What Is a Lipid Panel Blood Test?


Quick Answer

A lipid panel is a test that measures cholesterol levels in the blood, explains WebMD. The results of the test show the amount of total cholesterol as well as the amount of low-density lipoprotein, high-density lipoprotein and triglycerides in the blood.

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Full Answer

The lipid panel is an important test because it assesses the risks of heart disease, according to WebMD. The American Heart Association recommends cholesterol evaluations begin at the age of 20 years.

Total cholesterol is considered to be normal if it falls below 200 milligrams per deciliter, while normal levels for LDL are less than 100 milligrams per deciliter, explains WebMD. Acceptable HDL levels are between 40 and 59 milligrams per deciliter, and optimal levels are above 60 milligrams per deciliter. Triglycerides are considered to be elevated when they are above 200 milligrams per deciliter. Abnormal levels of these values suggest an increased risk for heart disease.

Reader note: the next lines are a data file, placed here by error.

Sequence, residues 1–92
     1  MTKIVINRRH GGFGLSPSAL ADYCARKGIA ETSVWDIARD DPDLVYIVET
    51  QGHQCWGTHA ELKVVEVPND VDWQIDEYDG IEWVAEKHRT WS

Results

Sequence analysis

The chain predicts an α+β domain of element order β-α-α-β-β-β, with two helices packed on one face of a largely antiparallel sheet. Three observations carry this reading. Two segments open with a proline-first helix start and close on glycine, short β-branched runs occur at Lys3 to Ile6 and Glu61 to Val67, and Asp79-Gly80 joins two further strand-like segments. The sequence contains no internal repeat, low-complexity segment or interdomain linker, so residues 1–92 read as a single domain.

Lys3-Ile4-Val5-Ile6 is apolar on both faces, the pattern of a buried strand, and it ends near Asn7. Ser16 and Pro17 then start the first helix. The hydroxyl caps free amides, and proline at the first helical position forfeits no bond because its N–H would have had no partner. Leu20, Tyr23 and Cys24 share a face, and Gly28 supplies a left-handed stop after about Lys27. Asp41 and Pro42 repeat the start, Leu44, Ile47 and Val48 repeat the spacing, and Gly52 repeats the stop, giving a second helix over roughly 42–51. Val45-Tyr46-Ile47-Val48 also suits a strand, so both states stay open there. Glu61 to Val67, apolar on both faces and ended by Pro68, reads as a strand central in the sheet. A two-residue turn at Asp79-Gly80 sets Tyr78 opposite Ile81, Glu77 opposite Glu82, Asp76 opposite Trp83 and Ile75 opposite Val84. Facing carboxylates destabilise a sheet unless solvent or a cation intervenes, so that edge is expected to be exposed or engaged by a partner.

Some important ways to reduce cholesterol include diet, exercise and medication, explains WebMD. A diet low in saturated fat and cholesterol and high in fiber and plant sterols can lower LDL, or "bad," cholesterol by as much as 30 percent. Exercise can also help lower LDL and raise HDL levels. Medication is prescribed when cholesterol levels remain high despite diet and exercise. This includes the use of statins, niacin, fibrates, Zetia, or bile acid sequestrants.

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